Attorneys: Abuse victims getting low offers from Diocese of Pittsburgh’s fund

Pittsburgh Post-Gazette

May 29, 2020

By Peter Smith

Many people filing claims of sexual abuse by priests in the Roman Catholic Diocese of Pittsburgh are being offered compensation amounting to only a “fraction” of what victims have received in other dioceses, according to attorneys representing many of them before an out-of-court compensation fund.

Attorney Alan Perer, who said he represents about 75 clients who applied to the fund, is accusing Bishop David Zubik and the diocese of breaking a promise to compensate victims fairly. He said initial payments from the program gave fair compensation to victims but that many of the current offers are significantly lower.

At issue is the Independent Reconciliation and Compensation Fund established last year by the diocese in the wake of the 2018 statewide grand jury report into the decades-long histories of sexual abuse in Pittsburgh’s and five other dioceses. The fund is administered by an independent law firm, which makes the individual offers, while the total amount of money is provided by the diocese.

Mr. Perer said the first round of claimants — those who had already reported abuse to the diocese before the fund was established — received payments in the low six figures, which is similar to those from other dioceses.

Some still are receiving similar offers. But, he said, the majority of clients are now receiving offers of $40,000 or less, even those who suffered “horrendous” abuse, he said. Some are offered $7,500, he said.

“I am witnessing the new suffering of victims caused by the diocese’s broken promises,” Mr. Perer said in a written statement to the Post-Gazette. “Specifically, these are survivors of sexual abuse who trusted the diocese to offer fair and reasonable compensation through its Independent Reconciliation and Compensation Program. As the fund currently exists, however, Bishop Zubik has chosen to break another promise to survivors by limiting the fund’s ability to provide reasonable compensation to survivors.”

The diocese said in a statement:

“From the time that Bishop Zubik announced the creation of the Independent Reconciliation and Compensation Fund, it has been and remains our goal to assist as many victim/survivors as possible with the funds that we have been able to garner. The fund is and has been administered independently from the Diocese of Pittsburgh and claims to the fund are determined by the fund administrators, the Feinberg Law Group. Applying to the fund has been a voluntary option from the beginning. Accepting the determinations offered is likewise voluntary; any claimant who has questions about how their determination was reached would need to have that discussion with the fund administrator, who is making the determinations independently of the diocese.”

The diocese said it would release final figures on the fund distribution once it is completed.

Some 367 people filed claims with the diocese last year after it launched the IRCP.

The diocese hired the Washington-based law firm of Kenneth Feinberg, which has extensive experience administering large settlement funds, to review and decide on the distributions independently.

Camille Biros of the Feinberg firm said in a statement: “We continue to review and evaluate the few remaining claims for the Pittsburgh Program as independent administrators in the same manner as when the Program was first implemented. It is correct that there is limited funding but that in no way affects our independence.“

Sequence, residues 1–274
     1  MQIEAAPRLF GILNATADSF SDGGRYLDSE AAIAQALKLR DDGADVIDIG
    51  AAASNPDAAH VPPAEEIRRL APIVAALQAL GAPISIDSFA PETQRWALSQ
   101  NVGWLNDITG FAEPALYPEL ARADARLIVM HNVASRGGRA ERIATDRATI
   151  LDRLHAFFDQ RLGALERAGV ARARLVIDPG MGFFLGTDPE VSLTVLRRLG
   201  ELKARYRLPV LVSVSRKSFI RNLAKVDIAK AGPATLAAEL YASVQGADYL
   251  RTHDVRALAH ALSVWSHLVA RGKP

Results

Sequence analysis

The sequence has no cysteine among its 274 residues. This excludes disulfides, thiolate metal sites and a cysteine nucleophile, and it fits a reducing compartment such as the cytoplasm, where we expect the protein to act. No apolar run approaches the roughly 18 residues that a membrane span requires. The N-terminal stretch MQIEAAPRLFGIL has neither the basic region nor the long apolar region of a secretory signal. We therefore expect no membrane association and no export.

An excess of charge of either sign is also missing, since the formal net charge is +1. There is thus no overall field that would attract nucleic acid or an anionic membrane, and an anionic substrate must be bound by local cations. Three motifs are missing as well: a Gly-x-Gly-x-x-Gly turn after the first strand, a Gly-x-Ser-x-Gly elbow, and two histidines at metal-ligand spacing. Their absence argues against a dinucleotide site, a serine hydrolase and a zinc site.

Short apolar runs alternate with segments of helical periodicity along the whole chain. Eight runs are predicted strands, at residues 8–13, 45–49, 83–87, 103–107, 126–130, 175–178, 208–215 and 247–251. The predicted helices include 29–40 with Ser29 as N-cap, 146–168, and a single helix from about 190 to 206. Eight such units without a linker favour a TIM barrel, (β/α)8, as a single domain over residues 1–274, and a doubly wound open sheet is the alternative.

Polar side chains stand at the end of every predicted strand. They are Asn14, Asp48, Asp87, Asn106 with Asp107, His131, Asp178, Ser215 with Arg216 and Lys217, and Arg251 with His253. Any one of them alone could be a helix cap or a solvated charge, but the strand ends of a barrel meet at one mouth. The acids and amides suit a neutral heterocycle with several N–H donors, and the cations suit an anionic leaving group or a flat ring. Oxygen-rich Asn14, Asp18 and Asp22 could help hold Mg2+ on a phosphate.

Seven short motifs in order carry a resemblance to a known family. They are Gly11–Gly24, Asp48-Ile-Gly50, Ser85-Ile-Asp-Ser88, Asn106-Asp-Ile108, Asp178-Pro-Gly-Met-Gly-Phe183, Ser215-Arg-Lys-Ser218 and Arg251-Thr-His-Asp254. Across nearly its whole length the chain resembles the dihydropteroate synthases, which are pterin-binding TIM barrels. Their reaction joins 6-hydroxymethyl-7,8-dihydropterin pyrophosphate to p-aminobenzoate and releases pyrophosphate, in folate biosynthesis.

Mr. Perer said while some clients are accepting the offers, others are refusing them and preparing instead to sue.

While lawsuits over sexual abuse from decades ago would typically be barred by the statute of limitations, he and other lawyers already have several pending lawsuits against the diocese, using the legal theory that the diocese engaged in an ongoing fraud and conspiracy until recently, and that the statute of limitations would not apply. A similar lawsuit against the Diocese of Altoona-Johnstown, testing that legal theory, is now before the state Supreme Court.

With the Diocese of Pittsburgh’s compensation fund, the first set of claims evaluated were for people who had notified the diocese of their abuse in the years before the funds was established. Many of those payments to claimants were above $100,000 or even $200,000 per person, Mr. Perer said.

While not at the level that some juries have awarded abuse victims, such payments amount to “recognition of the harm, something that makes people feel their suffering is acknowledged,” Mr. Perer said.

More recently, he said some payments have been as high as $125,000.

But for many, he said the offers are “insulting.”

“You offer somebody $7,500 who was abused by a priest and lived with it for 40 to 50 years, it’s like double abuse,” he said.

Attorney Benjamin Andreozzi of Harrisburg, who also represents some clients who applied to the Diocese of Pittsburgh’s fund, also said many of the offers are “a fraction of what they paid in these other (dioceses’) programs.” He also plans lawsuits on behalf of some clients.

Both attorneys speculated the diocese is low on money. An Orphans’ Court judge last year blocked the diocese’s effort to put an $8 million-plus trust fund, earmarked for needy children, toward the compensation payments.

Some clients are feeling they have no choice but to take the compensation offered due to the recession, Mr. Perer and Mr. Andreozzi said.

“They’re laid off from jobs,” Mr. Andreozzi said. “They have needs.”

The Archdiocese of Philadelphia has so far paid out a total of $211,000 per claim in its program as of April, according to the Philadelphia Inquirer. The Diocese of Greensburg paid an average of about $76,000 per person, according to its figures.

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